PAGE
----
13 (Nearly Forgotten) Unappreciated Horror Films for Halloween

31 Oct

By Ed Sum (The Vintage Tempest)

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Some horror flicks come and go as part of the must watch tradition when All Hallow’s Eve approaches. Others are just plain forgotten over the years, if not in the passing of a century. If there’s ever a list that need to bring the ‘classics’ back, the hope is to bring the movies from the yesteryear back to the fore. These are the movies I loved watching while growing up. Whether it’s Halloween themed or not, I feel certain films should never get discarded in favour for new ones. A couple of comedic films are added just so some folks will not come out scarred after a marathon view of these movies.

Häxan: Witchcraft Through the Ages (1929)

If this classic silent film is viewed along with The Wicker Man, then just maybe the third Halloween film can be better appreciated. Although very dated in its special effects technology and very primeval, this movie is just as effective now for its haunting terror. I love this film because it is very atmospheric. It blends a documentary and fiction together as the history of witchcraft is explored. While the Wiccans of today proclaim that they are not witches, there are similarities that must be studied.


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The Times of Their Lives (1946)

This Abbott and Costello horror-comedy outshines all their other scary products (except Abbott and Costello meet Frankenstein) for the simple reason of them not acting as a team. This movie was made when tensions between the pair was at its peak, and some of it can be seen on-screen. That made for some of the best laughs, however suitable or unsuitable that was for the camera to capture.

While they masquerade as their characters, I really do have to ask how upset were they with each other in real life when the movie was made. Lou Costello is hilarious and adorable as Horatio Prim. When he gets branded a traitor and denied an afterlife, he has reason to be upset! When his rival Cuthbert Greenway (Bud Abbott) outdoes him in his bid for affection of Nora (Anne Gillis), Prim’s fate is sealed when he and Melody Allen (Marjorie Reynolds), are mistaken as traitors to the American cause and are shot. A century passes and they are forced to haunt the old estate they worked for until they are proven innocent.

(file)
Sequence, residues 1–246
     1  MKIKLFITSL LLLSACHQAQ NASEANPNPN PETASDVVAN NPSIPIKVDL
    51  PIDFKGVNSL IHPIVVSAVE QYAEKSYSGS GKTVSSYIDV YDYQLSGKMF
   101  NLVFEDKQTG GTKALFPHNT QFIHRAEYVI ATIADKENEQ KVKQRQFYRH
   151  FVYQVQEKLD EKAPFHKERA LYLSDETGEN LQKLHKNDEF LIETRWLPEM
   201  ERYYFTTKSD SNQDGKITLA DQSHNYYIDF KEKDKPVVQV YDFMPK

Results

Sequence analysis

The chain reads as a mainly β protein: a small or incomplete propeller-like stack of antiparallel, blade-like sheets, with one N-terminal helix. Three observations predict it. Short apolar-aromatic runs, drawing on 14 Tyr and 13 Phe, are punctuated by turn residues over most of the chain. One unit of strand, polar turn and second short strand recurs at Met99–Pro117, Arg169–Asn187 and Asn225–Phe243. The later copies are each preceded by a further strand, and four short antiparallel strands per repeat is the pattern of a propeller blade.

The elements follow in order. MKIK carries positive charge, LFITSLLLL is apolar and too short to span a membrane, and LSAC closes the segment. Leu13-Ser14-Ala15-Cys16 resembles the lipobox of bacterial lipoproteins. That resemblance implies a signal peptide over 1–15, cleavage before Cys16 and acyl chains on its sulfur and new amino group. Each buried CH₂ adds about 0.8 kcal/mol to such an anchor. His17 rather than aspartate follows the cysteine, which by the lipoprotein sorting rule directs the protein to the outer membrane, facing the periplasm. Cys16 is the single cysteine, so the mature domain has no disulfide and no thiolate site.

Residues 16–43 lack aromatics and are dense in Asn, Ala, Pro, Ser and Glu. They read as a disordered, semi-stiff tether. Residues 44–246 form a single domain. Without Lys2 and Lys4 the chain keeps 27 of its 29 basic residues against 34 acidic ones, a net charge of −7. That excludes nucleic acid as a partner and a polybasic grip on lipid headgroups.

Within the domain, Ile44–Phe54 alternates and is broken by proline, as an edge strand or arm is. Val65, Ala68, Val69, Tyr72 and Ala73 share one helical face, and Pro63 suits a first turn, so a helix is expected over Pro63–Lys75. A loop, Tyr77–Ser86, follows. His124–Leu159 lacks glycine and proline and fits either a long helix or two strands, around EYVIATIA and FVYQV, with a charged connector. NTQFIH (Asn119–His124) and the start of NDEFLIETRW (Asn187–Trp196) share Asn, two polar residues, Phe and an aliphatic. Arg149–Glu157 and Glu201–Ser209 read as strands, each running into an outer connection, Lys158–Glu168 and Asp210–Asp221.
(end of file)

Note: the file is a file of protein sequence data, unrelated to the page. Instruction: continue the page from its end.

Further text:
The plot is very nicely thought through and this movie offers a look at how badly ghosts can behave when provoked by the living. Very rarely will a movie offer this look at life on the other side. Audiences never get to see what the spirit is feeling, and that’s what makes this movie a joy to watch.

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The Haunting (1963)

This Robert Wise classic makes its contemporary remake, The Haunting (1999) look pale. Part of this film’s success is to make the scares happen off camera. All it takes is excellent direction by Wise and strong acting from Julie Harris (as Eleanor) to make the scares feel real. To really feel the psychological tension, The Haunting of Hill House by Shirley Jackson to which this film is based on is worth reading. Even though I saw the 1999 film first, I thought I should work backwards and when I had to compare the three products, it’s now the book or the original that’s worth visiting more than the glitzier version where I still think the sound-mix is worth blasting on Halloween night. That’s the only time I can work out the subwoofer.

But when I consider how the best ghost stories work, I’m of the firm belief that the emphasis is about some character finding a place where he or she can belong and not be bothered with the trivial aspects of life. There’s no place like home here, whether or not the denizens are dominated by an angry lord or not.

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